Ziva VFX is a character creation technology that helps animators apply real-world physics to parts of the character creation process, including muscle growth, tissue tension, reacting to natural elements like heavy winds and water pressure.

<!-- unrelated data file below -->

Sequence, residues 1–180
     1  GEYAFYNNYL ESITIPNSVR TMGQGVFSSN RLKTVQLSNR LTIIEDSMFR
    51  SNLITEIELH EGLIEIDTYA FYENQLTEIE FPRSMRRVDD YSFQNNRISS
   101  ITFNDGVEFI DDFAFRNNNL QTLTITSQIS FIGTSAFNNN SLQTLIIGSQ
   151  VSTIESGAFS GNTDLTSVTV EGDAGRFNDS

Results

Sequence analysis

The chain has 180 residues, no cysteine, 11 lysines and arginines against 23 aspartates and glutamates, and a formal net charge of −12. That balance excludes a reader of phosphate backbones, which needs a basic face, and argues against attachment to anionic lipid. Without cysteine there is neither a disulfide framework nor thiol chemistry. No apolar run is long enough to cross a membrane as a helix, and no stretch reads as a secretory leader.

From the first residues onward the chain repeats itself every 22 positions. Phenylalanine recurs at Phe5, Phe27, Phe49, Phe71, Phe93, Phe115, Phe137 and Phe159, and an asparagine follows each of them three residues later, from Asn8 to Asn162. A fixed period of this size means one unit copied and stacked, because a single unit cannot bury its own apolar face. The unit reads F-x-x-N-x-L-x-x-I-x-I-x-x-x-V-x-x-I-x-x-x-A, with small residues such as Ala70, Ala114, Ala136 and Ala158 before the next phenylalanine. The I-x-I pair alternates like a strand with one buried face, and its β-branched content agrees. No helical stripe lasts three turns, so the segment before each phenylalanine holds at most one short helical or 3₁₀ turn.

Ziva Dynamics are experts in soft-tissue simulation technology which enables creators to generate characters with innate secondary dynamics. The company was founded in early 2015 by Academy Award winning VFX pioneer James Jacobs, who was formerly at Weta Digital. Jacobs won the 2013 Scientific and Engineering Award Oscar for the development of the Tissue Physically-Based Character Simulation Framework. He is now CEO and co-founder of Ziva in Vancouver. He formed the company with Jernej Barbic, who is the CTO of Ziva. Barbic is an expert on finite element (FEM) analysis, which is the method they use to achieve the really nice volume preserving, solid look and feel of the muscle system. In Ziva, every muscle is made as a tet mesh, and every muscle is attached to the other muscles and to the bones. You can paint the fibre field and then activate them anyway you want. It can be active or passive. Then, the muscles are solved with an implicit FEM solver. There is also an inbuilt cloth solver for fine quality skin detail. There is collision and self collision resolution, non-linear materials (real tissue is non linear) and anisotropic materials.